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  • #76

    The New York Times last week revealed investigative video recordings of testimony from members of SEAL Team 7 who reported behavior from Chief Petty Officer Edward Gallagher. The SEALs called Gallagher a “psychopath.” - The Washington Post

    Gallagher was acquitted of murdering a captured fighter in Iraq but convicted of posing with the detainee's corpse. After restoring Gallagher's rank on Nov. 15, President Trump on Sunday reportedly gave a formal order to halt the military's plans to hold a review board. - Reuters

    Gallagher‘s Instagram account showed a series of photos with Trump and First Lady Melania Trump at their Mar-a-Lago resort over the weekend. - People


    • #77

      It’s easy to mistake Donald Trump for a nihilist. The mogul’s purported principles fluctuate so wildly, it’s tempting to conclude that he’s bereft of genuine principles at all. (Before the president championed “the biggest tax cuts in history,” he’d called for a $5.7 trillion tax on the wealth of the superrich; before he defended the “very fine” white supremacists in Charlottesville, he argued that “the central problem with contemporary politicians” was that “they cannot even find it in themselves to immediately denounce a man who winks at barbarism.”)

      But beneath Trump’s ever-shifting imitations of belief lies a thin foundation of true conviction. There are a few precepts to which Trump has remained faithful from one era and rebrand to the next. Chief among them: Winners don’t let abstract precepts or legal niceties constrain their fidelity to a cause, or their aggression toward that cause’s enemies.


      “FREAKING EVIL.” That is how Special Operator First Class Craig Miller described Eddie Gallagher, the chief of his Navy SEAL platoon. Then, he wept.

      The New York Times last week revealed investigative video recordings of testimony from members of SEAL Team 7 who reported behavior from Chief Petty Officer Gallagher that they believed violated the spirit of their profession and the rule of military law. These agonizing accounts make even more appalling President Trump’s unprecedented decision to reverse Chief Gallagher’s demotion and pardon two other service members convicted of war crimes this fall, and to preserve Chief Gallagher’s Trident pin by preempting the plans of Navy commanders.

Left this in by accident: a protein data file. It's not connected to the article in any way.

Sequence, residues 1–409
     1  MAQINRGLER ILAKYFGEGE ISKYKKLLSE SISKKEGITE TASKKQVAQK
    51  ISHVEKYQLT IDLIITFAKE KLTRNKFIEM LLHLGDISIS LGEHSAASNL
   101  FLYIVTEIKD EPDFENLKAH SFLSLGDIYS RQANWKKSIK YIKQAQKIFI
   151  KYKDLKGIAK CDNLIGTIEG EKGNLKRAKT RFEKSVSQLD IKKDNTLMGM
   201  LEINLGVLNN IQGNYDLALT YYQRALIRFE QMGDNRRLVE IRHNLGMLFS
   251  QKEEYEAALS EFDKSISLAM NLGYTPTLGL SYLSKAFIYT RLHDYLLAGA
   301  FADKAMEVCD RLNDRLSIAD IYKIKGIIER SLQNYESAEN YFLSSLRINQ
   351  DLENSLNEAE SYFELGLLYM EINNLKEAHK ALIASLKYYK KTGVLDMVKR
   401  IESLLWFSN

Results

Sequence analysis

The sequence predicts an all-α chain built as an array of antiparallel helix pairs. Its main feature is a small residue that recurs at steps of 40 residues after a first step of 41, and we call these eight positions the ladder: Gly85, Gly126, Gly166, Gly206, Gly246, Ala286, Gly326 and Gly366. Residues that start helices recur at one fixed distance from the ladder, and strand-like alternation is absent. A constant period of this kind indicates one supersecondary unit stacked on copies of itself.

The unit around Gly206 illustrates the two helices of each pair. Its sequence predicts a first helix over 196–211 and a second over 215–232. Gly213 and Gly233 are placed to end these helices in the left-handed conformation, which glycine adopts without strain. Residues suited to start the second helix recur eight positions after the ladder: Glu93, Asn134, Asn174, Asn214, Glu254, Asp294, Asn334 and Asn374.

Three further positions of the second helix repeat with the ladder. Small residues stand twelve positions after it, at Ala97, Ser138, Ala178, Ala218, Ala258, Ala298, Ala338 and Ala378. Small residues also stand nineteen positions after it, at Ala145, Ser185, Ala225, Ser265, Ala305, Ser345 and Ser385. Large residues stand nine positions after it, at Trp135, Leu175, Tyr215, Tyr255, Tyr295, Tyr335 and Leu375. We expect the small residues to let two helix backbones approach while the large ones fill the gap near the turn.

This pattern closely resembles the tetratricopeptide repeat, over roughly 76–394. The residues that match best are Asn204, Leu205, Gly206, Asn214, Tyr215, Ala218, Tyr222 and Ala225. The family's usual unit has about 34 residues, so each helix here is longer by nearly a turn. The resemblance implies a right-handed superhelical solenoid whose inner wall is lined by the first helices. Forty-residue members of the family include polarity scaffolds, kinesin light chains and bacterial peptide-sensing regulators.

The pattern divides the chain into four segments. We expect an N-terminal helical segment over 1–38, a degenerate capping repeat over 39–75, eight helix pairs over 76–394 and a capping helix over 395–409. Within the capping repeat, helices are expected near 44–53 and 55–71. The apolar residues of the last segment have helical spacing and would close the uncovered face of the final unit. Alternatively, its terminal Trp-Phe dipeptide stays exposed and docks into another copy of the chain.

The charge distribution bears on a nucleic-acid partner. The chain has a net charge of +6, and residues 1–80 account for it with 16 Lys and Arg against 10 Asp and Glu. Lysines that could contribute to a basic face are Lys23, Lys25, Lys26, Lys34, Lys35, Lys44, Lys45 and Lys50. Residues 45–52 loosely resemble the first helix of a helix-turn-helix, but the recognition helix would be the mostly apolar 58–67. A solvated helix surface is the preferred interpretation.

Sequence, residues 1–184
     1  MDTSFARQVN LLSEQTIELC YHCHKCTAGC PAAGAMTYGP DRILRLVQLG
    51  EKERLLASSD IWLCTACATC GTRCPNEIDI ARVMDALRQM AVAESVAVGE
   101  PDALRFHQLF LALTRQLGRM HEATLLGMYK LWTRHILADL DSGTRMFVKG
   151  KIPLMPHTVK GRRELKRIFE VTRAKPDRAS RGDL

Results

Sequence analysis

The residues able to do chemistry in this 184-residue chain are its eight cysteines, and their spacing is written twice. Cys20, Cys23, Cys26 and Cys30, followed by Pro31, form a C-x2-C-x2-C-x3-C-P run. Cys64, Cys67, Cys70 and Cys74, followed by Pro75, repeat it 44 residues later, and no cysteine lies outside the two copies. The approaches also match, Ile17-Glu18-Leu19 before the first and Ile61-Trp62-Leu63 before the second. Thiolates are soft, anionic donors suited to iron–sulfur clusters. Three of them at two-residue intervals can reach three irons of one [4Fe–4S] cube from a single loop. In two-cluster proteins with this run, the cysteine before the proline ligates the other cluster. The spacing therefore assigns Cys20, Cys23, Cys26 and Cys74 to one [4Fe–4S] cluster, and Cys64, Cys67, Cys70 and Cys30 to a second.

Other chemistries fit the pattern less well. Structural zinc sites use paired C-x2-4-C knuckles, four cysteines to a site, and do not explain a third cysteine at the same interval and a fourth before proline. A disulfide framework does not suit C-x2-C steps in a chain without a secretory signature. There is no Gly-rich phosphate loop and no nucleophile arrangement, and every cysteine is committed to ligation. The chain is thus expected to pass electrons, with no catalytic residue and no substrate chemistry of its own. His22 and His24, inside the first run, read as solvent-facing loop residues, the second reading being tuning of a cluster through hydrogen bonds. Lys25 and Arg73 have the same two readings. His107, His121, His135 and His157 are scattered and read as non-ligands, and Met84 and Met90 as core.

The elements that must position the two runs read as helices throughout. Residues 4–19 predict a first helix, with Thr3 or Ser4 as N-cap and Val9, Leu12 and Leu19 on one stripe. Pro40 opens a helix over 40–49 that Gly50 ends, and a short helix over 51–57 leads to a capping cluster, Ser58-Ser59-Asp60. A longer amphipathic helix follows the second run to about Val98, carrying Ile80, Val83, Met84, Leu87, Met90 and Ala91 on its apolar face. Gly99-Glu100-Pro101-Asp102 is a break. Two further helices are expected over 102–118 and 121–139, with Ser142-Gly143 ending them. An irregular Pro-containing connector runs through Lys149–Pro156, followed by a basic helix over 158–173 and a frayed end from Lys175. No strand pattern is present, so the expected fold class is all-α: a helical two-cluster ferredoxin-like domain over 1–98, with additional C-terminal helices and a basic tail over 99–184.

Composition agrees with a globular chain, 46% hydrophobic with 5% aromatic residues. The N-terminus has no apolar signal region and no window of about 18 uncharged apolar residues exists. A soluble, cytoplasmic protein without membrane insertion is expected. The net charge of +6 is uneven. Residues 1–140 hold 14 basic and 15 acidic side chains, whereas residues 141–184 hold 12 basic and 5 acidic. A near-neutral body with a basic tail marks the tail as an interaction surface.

Here’s a reminder that the norm-defying nature of the Donald Trump presidency does lasting damage not only to America’s standing in the world, not only to the free press, but to the military Trump claims to revere.

      Recall the case of Special Operations Chief Edward Gallagher, the Navy SEAL initially charged with war crimes that included the shooting of civilians and murder of a captive, largely based upon the testimony of other SEALs in his platoon. While the murder charges collapsed due to prosecution errors, Gallagher was convicted for taking a picture with a dead ISIS fighter.

      The New York Times obtained copies of the videotaped depositions of the SEALs under Gallagher’s command. The tales they tell are horrifying.

      “The guy is freaking evil,” said one. “The guy was toxic,” said another. A third observed, “You could tell he was perfectly O.K. with killing anybody that was moving.”

      Interfering with the case from early on, Trump eventually pardoned Gallagher, then blocked a disciplining that would have seen Gallagher lose his SEAL status. Last week, he hosted Gallagher at Mar-a-Lago.


      • #78
        Let's make it more concise by showing the link with the clips from Hulu's documentary which includes some clips from the videos of the SEAL who surprised the prosecutors by changing his testimony on stand to reveal that it was him and not Gallagher the person who killed the captive.

        Watch Corey Scott’s interview and hear his testimony.
        Last edited by pamak; 31 Dec 19, 14:11.
        My most dangerous mission: I landed in the middle of an enemy tank battalion and I immediately, started spraying bullets killing everybody around me having fun up until my computer froze...


        • #79
          In a related matter...The general is absolutely correct:

          An Army general has denied a request by an officer pardoned in an open murder case by President Trump to have his Special Forces tab reinstated, setting up a potential showdown with the commander in chief.

          The decoration for retired Army Maj. Mathew L. Golsteyn was denied Dec. 3 by Lt. Gen. Francis M. Beaudette, the commander of U.S. Army Special Operations Command, the Army disclosed Thursday. Beaudette’s decision is not final, and the service said in a statement that it will next have an administrative panel consider whether it should reinstate the Special Forces tab and a Distinguished Service Cross — the U.S. military’s second-highest valor award — and expunge a letter of reprimand Golsteyn received in connection with his case.


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